In Virgin Atlantic Airways Ltd v Premium Aircraft Interiors Group Ltd  EWHC 26 (Pat), unregistered design rights and patent rights subsisting in Virgin Atlantic's flat-bed seat (the UCS) were at issue.
The UCS is the commercialisation of a seat disclosed by patent EP (UK) 1,495,908 (the Patent). Previous seats turned into beds by reclining the seat back. However, the UCS had a "flip over" design where a mattress was provided on the rear of the seat, such that the seat was flipped over when converted into bed mode. The UCSs were aligned in an inward facing herringbone arrangement, where each seat faced towards the aisle at a slight angle to the longitudinal axis of the plane. An outward facing herringbone is when the seats face away from the aisle. Both an inward and outward facing herringbone were known. However, until the UCS, the perception in the industry was that passengers would not like an inward facing herringbone.
The UCS was manufactured for Virgin by Contour. Subsequently Contour, together with its external designers Acumen, designed the “Rock” seat for Cathay Pacific, which was later used as a basis for the “Solar Eclipse” seat for Air Canada.
Virgin alleged that these seats, or kits for these seats, infringed the Patent and also that Contour infringed its unregistered design rights in the UCS. Contour denied the allegations.
Virgin alleged that, due to pressure of time, Acumen copied a Layout of Passenger Area (LOPA) provided by Cathay Pacific, which featured a representation of the UCS in an inward facing herringbone, into a LOPA they sent to Cathay Pacific on 13 May 2004 and then copied it into another LOPA sent the following day. According to Virgin, this second LOPA became the foundation for the subsequent seat and hence the seat had been indirectly copied from the UCS.
Lewison J stated that in considering the question of copying, the function of the experts was not to evaluate the factual evidence but to point out to the court the similarities and differences between the design and the alleged infringement and the significance of those similarities and differences. Unfortunately, Virgin's design expert understood his function to be to identify the similarities between the UCS and Solar Eclipse and to disregard any differences.
Lewison J decided that Cathay Pacific's instructions were that they wanted a Virgin-style herringbone concept, but not that they wanted a copy of the UCS. At most, what Acumen took from that was the concept of the inward facing herringbone. Consequently, Lewison J rejected the allegation of copying.
In reviewing the validity arguments raised by Contour, it was accepted that the existence of an outward facing herringbone arrangement was common general knowledge. However, whether an inward facing herringbone was common general knowledge was disputed by the parties. Lewison J decided that, although the idea of an inward facing herringbone might have been known, it was not generally regarded as a good basis for further action or development by the skilled artisan and therefore it was not part of the common general knowledge.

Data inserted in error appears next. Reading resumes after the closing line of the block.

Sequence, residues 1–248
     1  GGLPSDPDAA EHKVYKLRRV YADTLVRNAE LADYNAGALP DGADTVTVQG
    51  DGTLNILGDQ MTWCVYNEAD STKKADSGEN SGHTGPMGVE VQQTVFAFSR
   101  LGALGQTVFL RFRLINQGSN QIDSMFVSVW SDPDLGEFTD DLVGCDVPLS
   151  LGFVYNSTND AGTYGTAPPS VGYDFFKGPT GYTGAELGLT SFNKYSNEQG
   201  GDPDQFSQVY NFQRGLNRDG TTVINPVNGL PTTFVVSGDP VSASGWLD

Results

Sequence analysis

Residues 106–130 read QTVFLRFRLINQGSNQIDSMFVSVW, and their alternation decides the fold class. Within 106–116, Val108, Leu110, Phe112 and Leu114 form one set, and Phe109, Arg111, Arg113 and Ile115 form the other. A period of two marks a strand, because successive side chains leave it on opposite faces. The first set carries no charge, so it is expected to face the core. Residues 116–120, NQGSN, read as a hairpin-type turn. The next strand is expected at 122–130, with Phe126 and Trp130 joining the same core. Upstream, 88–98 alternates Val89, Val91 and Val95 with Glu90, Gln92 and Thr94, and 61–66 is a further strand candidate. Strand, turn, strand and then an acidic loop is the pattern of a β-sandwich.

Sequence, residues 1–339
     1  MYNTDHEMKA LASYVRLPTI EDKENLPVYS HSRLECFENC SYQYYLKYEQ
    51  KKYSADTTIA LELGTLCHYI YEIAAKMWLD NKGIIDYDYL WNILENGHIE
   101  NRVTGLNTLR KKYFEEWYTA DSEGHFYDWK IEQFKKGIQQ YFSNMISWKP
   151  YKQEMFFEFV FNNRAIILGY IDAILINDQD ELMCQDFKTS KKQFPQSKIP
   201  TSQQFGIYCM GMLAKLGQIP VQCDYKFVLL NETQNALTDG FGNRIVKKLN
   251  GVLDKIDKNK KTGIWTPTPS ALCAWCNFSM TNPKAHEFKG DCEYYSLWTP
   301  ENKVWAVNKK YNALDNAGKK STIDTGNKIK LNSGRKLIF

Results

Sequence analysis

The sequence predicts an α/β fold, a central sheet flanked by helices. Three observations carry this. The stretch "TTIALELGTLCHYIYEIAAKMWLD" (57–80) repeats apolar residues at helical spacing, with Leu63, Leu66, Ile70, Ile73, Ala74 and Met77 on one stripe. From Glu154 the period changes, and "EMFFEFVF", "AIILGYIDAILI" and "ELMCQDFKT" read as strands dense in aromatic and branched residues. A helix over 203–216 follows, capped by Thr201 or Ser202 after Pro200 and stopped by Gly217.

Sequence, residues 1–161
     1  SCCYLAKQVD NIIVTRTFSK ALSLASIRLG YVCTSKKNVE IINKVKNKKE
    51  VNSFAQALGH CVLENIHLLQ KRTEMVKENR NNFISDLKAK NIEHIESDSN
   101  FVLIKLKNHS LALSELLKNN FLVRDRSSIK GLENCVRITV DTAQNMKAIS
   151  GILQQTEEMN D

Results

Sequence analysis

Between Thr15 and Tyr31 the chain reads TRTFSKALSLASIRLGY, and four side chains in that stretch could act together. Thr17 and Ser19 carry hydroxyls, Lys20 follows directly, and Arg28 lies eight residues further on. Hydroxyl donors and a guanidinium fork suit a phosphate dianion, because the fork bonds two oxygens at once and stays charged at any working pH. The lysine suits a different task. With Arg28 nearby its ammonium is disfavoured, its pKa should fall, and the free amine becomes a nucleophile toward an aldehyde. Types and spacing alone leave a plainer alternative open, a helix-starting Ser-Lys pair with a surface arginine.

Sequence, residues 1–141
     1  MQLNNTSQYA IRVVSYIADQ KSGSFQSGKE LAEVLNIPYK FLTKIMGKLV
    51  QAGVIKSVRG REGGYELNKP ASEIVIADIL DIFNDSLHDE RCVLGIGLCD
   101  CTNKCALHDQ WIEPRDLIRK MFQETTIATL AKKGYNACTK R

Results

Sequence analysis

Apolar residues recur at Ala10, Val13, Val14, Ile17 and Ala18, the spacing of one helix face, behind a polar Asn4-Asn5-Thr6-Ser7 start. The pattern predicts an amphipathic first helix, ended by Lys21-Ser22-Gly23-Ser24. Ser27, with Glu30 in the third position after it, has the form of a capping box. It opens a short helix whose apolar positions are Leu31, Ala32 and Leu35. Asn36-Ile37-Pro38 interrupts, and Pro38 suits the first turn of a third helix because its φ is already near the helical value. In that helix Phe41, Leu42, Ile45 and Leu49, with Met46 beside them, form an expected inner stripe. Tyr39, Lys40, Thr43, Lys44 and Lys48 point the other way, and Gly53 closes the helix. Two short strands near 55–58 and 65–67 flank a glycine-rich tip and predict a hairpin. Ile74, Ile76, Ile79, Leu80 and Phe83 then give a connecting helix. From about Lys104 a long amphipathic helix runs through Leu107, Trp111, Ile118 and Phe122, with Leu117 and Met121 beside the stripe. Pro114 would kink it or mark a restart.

A central issue regarding the patent was the claim construction. It was argued by Virgin that anything in the “pre-characterising part” of the claim must be interpreted as describing the prior art. Accordingly, any integer, entity or “thing” in that part of the claim could not (or should not) be interpreted so as to claim some feature that was not found in the prior art. However, Lewison J decided that the invention was defined by the claim, not by merely a part of the claim and there was no requirement that the characterising part of the claim should alone set out the inventive step of the claimed invention.
Regarding infringement of the patent, the court focused on whether the claim integer “each seat unit… further comprising means forming or being configurable for forming a substantially flat bed” limited Virgin’s claims to simply flipover seats. If the claim was so limited then it was agreed by both parties that there could be no infringement by Contour.
Lewison J determined that the fact that it was the seat unit, rather than the seat, which must “further” comprise the bed, emphasised that the claim was speaking of something different from the seat itself and the claim was limited to flip-over seats.
Lewison J concluded that Virgin Atlantic had failed to prove that Contour copied its designs and consequently the claim for infringement of unregistered design right failed. In addition, Lewison J determined the patent to be valid but not infringed.
Although numerous references to the UCS were made during the various design stages of the Solar Eclipse seat, it was made clear that these references did not prove copying and that it was understandable that a competitor would analyse the UCS when trying the create a better product. Furthermore, claims of a patent must first be viewed as a whole and then construed in context with the patent description and drawings; this assessment cannot be stretched to cover features that were not originally intended to be covered.
Virgin has since announced that it will be appealing the judgment.